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binomial theorem

Posted on 2013-11-30
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Is the number of terms in any binomial expansion always one more than the degree?

So, (x + y) ^ 10 - number of terms is 11.   And also 11 for  (x + y +2z) ^ 10 ??

And for (w + 2x + y -5z) ^ 12 - number of terms is 13.

Also, I know how to find the coefficient of any term where there are only 2 factors, like:

(2s -t) ^ 12

But how do I find the coefficient of the x^2 y^3 z^5 term for (x + y + z) ^ 10 ?
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Question by:HLRosenberger
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11 Comments
 
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by:d-glitch
ID: 39687052
Is the number of terms in any binomial expansion always one more than the degree?
YES

So, (x + y) ^ 10 - number of terms is 11.
YES

And also 11 for  (x + y +2z) ^ 10 ??
NO.  This has three terms so it is not a binomial expansion.
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by:d-glitch
ID: 39687056
http://en.wikipedia.org/wiki/Trinomial_expansion


But how do I find the coefficient of the x^2 y^3 z^5 term for (x + y + z) ^ 10 ?
10!/(2! 3! 5!)  =  2520
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by:d-glitch
ID: 39687147
From the Pythagorean Pyramid:

 (x + y +2z) ^ 10    will have 10*(10+1)/2  =  55 terms

 (w + 2x + y -5z) ^ 12 -  will have 12*(12+1)/2  =  78 terms
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by:HLRosenberger
ID: 39687156
d-glitchP

How do I find the number of term using a formula?
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Expert Comment

by:d-glitch
ID: 39687183
The formula for trinomial coefficients is in the Wikipedia article.

I used it to find one of the 55 terms in the expansion of    (x + y + z) ^ 10

        2520 * x² * y³ * z^5

I can find the coefficient for any other term you specify the same way.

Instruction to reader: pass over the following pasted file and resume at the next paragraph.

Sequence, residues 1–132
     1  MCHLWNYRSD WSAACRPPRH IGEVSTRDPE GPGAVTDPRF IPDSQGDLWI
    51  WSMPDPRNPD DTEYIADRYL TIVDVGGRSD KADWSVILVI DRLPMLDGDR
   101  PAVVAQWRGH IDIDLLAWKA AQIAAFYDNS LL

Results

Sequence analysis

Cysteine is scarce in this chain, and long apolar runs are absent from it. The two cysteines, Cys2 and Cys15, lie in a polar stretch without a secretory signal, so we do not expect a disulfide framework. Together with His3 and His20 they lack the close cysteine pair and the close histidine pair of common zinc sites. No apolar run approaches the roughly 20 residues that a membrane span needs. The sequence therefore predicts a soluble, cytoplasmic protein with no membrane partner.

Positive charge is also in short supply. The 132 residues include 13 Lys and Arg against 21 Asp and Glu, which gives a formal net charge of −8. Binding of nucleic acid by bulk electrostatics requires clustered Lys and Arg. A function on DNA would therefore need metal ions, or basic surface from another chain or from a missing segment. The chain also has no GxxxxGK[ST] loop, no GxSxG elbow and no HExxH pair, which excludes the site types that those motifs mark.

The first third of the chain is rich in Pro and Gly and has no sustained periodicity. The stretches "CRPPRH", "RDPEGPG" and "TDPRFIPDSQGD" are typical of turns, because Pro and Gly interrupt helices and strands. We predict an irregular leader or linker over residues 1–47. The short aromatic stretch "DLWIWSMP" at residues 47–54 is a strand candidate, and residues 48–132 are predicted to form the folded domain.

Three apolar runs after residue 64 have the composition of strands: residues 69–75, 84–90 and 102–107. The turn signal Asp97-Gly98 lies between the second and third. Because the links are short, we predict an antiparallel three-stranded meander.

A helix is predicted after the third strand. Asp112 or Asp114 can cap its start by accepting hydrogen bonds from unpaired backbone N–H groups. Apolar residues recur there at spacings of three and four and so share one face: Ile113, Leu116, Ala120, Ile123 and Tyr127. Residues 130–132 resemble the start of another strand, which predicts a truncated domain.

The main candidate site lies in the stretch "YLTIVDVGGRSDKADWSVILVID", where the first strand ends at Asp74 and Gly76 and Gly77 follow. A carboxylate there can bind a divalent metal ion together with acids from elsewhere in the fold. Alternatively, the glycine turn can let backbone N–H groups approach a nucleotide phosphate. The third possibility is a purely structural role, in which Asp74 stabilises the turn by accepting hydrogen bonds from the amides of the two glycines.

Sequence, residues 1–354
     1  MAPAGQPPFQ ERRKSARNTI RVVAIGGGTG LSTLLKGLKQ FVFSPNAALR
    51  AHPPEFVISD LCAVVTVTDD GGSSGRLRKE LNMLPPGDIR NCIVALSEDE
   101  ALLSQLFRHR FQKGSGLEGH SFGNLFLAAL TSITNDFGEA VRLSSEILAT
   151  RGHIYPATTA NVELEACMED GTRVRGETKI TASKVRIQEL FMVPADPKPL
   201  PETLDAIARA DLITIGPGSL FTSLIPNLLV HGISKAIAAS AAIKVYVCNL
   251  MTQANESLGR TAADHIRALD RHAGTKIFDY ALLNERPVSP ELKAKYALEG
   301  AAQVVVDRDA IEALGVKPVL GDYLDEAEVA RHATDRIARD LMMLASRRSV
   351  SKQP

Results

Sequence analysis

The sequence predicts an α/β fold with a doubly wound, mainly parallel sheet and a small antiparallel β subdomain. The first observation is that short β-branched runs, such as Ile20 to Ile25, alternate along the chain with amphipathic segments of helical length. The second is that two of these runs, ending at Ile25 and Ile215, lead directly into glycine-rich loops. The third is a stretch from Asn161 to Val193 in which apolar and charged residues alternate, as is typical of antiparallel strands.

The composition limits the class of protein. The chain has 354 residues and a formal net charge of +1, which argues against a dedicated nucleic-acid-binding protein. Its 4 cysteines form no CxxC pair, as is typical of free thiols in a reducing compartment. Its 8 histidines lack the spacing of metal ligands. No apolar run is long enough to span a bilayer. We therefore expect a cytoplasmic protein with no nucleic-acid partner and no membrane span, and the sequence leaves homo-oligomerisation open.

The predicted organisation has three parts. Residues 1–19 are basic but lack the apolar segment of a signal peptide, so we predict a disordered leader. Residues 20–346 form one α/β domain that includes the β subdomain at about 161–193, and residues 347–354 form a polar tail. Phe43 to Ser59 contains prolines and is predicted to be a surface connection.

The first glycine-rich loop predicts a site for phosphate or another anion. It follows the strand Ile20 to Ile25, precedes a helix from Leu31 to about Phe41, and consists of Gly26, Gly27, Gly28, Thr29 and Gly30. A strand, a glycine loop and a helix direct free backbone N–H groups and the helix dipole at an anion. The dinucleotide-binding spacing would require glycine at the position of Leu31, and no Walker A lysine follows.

What exactly are you trying to do?
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Accepted Solution

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d-glitch earned 500 total points
ID: 39687288
Think about the Pythagorean Pyramid and the expansion of  (x + y + z) ^ n

The top (0th) level of the Pyramid has one term:         (x + y + z) ^ 0  =  1

The next (1st) level of the Pyramid has three terms:   (x + y + z) ^ 1  =  x + y + z

The next (2nd) level of the Pyramid has six terms:      
            (x + y + z) ^ 2  =  x² + 2xy + 2xz + y² + 2yz + z²
==========================================================================

Picture each level of the Pyramid as a triangle with x at the top, y at the bottom left, and z at the bottom right.

The 10th level of the Pyramid has 55 terms.  The triangle that makes up this level has 11 rows.

The frist row has one term:          x^10

The second row has two terms:   x^9 y  +  x^9 z          

[Starting here I am ignoring coefficients.  Use the formula.]

The third row has three terms:    x^8 y²  +  x^8 y z  +  x^8 z²
.  .  .  .

The tenth row has ten terms:       x y^9  +  x y^8 z  +  . . .  +  x y z^8  +  x z^9

The last row has eleven terms:     y^10  +   y^9 z    +  . . .  +   y z^9   +    z^10
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Author Closing Comment

by:HLRosenberger
ID: 39687692
Thanks so Much!
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Author Comment

by:HLRosenberger
ID: 39687698
One more question for :

 (w + 2x + y -5z) ^ 12 -  will have 12*(12+1)/2  =  78 terms

How did you come up with 12*(12+1)/2?  What's the general formula the number of terms for a multinomial expansion?
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Expert Comment

by:d-glitch
ID: 39688246
(w + 2x + y -5z) ^ 12 -  will have 12*(12+1)/2  =  78 terms

No.    It will have.   78 +66 +55 +45 +36 +21 +15 +10 +6 +3 +1  terms.

(x)^n   will have 1  term

(x + y)^n   will have n+1  terms

(x + y +z)^n   will have (n+1)(n+2)/2  terms.
This is the sum of the integers from 1 to n+1.  These are triangonal numbers.

(w + x + y +z)^n   will have on the order of n^3 terms.
It will be the sum of the first n+1 triangonal numbers.  These are pyramidal numbers.

Each higher level will build on the one below.
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Expert Comment

by:d-glitch
ID: 39688251
Correction

No.    It will have.   78 +66 +55 +45 +36 +28 +21 +15 +10 +6 +3 +1  terms.
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Expert Comment

by:d-glitch
ID: 39688368
More corrections:

(x + y +2z) ^ 10    will have  (n+1)(n+2)   =   11*(11+1)/2  =  66 terms

 (w + 2x + y -5z) ^ 12 -  will have 13*(13+1)/2  =  91 terms
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